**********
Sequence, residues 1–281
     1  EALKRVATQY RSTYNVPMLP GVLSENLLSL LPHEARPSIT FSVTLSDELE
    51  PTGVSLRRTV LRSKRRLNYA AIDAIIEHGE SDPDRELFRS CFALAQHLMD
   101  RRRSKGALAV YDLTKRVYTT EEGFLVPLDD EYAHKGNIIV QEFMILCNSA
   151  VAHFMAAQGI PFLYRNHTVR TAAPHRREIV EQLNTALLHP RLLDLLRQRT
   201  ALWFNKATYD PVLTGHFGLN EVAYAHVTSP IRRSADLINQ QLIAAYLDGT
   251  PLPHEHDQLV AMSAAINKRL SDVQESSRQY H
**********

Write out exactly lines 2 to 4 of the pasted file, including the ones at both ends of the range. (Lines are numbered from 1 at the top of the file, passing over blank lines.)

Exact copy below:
     1  EALKRVATQY RSTYNVPMLP GVLSENLLSL LPHEARPSIT FSVTLSDELE
    51  PTGVSLRRTV LRSKRRLNYA AIDAIIEHGE SDPDRELFRS CFALAQHLMD
   101  RRRSKGALAV YDLTKRVYTT EEGFLVPLDD EYAHKGNIIV QEFMILCNSA